Vegetation Blankets: Similar in concept to lawn turf, a vegetation blanket provides an instant carpet of plant coverage and includes a broad mix of plant species to ensure a wide diversity of foliage and flower. A vegetation blanket differs from turf in that the plants are grown on a carrier with a lightweight growing medium, which is easily harvested and rolled up for delivery.

Bauder, a well-known manufacturer and provider of green roofs, produces a wildflower blanket comprising a carefully selected mix of native wildflowers, herbs, sedums and grasses suited to a rooftop location, which meets most of the biodiversity requirements that project-specific ecology reports are now demanding, providing an instant and easily managed solution to most projects.

A key benefit of a vegetation blanket is its ability to overcome the risk associated with plug plant and seed mix installations of external factors such as unseasonably dry weather or insufficient establishment maintenance from affecting the eventual outcome.

Plug Plants: This option allows for individual immature plants or “plugs” to be planted into the growing medium by hand, which will then grow on to give good cover over the next two growing seasons. Plug-planting allows for the selection of the optimum range of species to suit the location whilst providing the broadest colour scheme and level of biodiversity to meet any project-specific requirement. The plugs can be arranged to create a pleasing design whilst also creating a thriving plant community.

A seeded roof

Seeding: Seeding is a quick and cost-effective method of initially meeting the criteria set for a biodiversity green roof where there is no necessity either for a specific visual appearance or a fully vegetated finish at the time of practical completion. The mix of seeds is broadcast across the growing medium to allow natural germination and plant establishment to develop over at least two complete growing seasons.

A full appreciation of the different planting options ensures that the client will receive the green roof finish they expect, and this is where consulting those with expertise in all the three key elements – waterproofing, green roof components and vegetation – provides the greatest benefit when looking to value engineer a biodiverse green roof system.

Combining a mix of vegetation blanket, plug plants and seed into a design scheme for larger roof areas will very often provide a satisfactory outcome at an affordable cost without detracting significantly from the desired visual appearance. For example, a roof perimeter can be planted with a vegetation blanket to provide instant coverage to a width that visually appears to cover the entire roof when viewed from an adjacent building with a similar elevation, whilst the inner area can be plug-planted or seeded.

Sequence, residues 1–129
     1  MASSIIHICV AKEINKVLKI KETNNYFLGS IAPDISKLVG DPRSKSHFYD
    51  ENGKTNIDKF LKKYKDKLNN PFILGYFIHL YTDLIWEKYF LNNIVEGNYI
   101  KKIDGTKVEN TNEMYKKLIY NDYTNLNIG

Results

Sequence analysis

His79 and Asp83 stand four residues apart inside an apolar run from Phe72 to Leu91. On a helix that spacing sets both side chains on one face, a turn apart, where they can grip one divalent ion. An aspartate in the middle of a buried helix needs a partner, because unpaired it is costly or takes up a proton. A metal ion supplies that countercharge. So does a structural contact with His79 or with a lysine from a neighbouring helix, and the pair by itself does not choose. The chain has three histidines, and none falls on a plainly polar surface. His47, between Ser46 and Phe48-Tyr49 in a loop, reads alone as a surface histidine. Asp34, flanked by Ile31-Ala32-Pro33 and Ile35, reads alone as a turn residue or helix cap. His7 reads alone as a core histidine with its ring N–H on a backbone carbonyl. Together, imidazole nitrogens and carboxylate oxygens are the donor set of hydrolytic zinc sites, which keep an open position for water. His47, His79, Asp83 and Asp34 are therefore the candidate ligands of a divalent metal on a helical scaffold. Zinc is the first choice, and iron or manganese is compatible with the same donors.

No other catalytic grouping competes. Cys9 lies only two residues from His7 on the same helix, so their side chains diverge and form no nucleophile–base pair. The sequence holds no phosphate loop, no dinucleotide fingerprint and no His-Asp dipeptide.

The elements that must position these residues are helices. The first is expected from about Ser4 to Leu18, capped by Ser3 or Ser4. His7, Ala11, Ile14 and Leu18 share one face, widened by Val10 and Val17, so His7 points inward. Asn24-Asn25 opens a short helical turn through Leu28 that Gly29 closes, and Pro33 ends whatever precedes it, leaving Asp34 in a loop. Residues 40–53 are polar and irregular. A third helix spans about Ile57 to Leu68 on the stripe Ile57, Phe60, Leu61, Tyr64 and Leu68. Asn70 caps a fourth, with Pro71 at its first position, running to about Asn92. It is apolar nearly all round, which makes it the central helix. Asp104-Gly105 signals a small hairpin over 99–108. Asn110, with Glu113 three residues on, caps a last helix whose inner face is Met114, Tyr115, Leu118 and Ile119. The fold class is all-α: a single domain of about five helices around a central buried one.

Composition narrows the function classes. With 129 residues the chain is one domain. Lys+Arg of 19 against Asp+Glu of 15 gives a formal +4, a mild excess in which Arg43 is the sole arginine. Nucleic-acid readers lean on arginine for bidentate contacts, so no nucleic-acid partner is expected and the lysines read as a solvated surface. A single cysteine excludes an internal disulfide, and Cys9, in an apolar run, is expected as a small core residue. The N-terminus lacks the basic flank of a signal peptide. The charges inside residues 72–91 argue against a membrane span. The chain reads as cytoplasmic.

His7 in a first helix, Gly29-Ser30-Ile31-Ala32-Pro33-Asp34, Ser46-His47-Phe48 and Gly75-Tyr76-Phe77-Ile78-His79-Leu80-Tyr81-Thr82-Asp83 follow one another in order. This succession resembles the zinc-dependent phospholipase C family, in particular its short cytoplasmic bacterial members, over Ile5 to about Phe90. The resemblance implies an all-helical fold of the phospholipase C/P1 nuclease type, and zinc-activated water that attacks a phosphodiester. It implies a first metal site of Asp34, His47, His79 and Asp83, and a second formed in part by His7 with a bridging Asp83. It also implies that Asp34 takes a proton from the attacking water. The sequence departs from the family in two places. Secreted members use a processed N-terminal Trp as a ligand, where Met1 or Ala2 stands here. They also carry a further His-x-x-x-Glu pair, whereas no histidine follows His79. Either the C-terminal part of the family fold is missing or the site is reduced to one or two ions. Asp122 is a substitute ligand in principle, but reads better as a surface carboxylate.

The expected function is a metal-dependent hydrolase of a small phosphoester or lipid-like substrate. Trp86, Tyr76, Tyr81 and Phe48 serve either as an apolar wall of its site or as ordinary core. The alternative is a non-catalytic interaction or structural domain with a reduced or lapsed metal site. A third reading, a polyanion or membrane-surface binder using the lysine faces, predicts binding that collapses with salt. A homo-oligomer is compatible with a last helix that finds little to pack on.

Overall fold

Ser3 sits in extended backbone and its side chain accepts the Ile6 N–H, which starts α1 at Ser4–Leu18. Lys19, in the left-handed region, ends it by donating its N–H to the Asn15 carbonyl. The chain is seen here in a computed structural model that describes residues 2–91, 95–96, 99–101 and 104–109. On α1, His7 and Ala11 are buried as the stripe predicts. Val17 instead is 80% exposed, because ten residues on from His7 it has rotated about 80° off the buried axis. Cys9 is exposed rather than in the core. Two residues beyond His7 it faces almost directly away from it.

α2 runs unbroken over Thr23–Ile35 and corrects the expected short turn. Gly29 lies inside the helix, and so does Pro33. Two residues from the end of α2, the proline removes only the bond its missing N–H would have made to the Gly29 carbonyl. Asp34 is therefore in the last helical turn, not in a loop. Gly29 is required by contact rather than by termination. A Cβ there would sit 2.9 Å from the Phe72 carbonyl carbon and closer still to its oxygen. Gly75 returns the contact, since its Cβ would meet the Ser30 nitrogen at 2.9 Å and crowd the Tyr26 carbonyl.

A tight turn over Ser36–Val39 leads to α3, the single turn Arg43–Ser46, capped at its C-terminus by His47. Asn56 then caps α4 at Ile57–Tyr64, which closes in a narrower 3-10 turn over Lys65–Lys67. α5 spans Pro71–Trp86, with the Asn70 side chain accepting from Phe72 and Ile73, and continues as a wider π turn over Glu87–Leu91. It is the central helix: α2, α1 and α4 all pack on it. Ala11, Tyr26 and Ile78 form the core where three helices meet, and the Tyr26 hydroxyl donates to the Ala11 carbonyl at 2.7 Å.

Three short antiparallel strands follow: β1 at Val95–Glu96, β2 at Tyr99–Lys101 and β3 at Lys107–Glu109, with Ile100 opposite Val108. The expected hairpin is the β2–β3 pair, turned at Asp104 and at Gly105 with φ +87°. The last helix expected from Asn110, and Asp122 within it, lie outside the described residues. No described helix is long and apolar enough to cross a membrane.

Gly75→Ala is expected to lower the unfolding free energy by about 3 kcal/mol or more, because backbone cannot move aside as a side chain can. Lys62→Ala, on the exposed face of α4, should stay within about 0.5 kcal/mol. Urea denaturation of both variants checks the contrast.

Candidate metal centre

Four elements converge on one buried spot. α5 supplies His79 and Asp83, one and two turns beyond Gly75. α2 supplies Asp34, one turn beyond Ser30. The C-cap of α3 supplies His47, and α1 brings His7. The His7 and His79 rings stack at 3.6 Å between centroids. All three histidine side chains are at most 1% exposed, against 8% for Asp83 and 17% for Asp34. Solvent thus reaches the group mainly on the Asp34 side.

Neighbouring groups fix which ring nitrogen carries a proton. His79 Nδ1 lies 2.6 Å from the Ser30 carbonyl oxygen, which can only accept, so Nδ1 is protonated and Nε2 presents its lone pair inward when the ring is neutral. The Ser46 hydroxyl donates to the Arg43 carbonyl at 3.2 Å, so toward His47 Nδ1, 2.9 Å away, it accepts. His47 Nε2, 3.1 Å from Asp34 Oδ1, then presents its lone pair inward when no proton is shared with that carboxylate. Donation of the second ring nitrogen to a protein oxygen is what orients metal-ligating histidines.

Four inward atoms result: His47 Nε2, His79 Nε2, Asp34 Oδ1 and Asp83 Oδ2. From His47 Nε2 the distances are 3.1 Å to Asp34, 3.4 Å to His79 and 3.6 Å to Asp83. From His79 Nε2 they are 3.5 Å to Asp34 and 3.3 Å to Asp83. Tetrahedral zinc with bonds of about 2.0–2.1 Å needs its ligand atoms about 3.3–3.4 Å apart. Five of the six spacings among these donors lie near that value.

The Barclays building at Canary Wharf has the highest biodiversity roof in Europe

Establishing the vegetation

It is essential to identify from the outset that the construction of the green roof is just the first step in the process of the establishment and ongoing development of the vegetation. What is then needed will vary significantly depending on the time of year and the prevailing weather at the time the work is carried out. Whilst hard biodiverse landscape items such as rock mounds, sand berms and log piles can be left to their own devices, the vegetation will need significant help to get established and minimal but nonetheless essential planned maintenance thereafter to keep it in good order.

The key to successful establishment is to ensure that the vegetation receives the correct type and amount of nutrition through the application of an appropriate fertiliser. The plants and growing medium should also be kept moist for a period of at least 28 days, as with traditional landscapes, and sometimes for longer through periods of warm, dry weather before tailing off irrigation to encourage the plants to become self-sufficient before the winter arrives.

It is worth bearing in mind that the maintenance costs increase as the level of maturity of the vegetation installed is reduced, so that a vegetation blanket requires less maintenance and seeding a roof requires considerably more attention. In many cases the eventual total cost may be very similar, so assuming a seed mix is the most cost effective is inaccurate.

Once the vegetation is fully established on the roof, which can take up to two full growing seasons if plug plants or seed mixes are used, the level of maintenance will then depend upon what the client’s visual requirement is, with a starting point of a simple twice-yearly visit to remove surplus and dead vegetation, inspect the drainage and apply a fertiliser.

The way forward

To conclude, the best way to achieve a satisfactory and cost-effective biodiverse green roof installation is to:

As in so many cases within the construction industry, the best way to secure value for money is to ensure that you have spent enough at the outset to avoid the need for return visits to site to put right any shortcomings.

Nick Ridout is Green Roof Product Development Manager for Bauder Ltd, www.bauder.co.uk, and works with main contractors and developers to deliver green roofs.

Reference: 1 Okasha, S. (2010). "Does diversity always grow?". Nature 466 (7304): 318.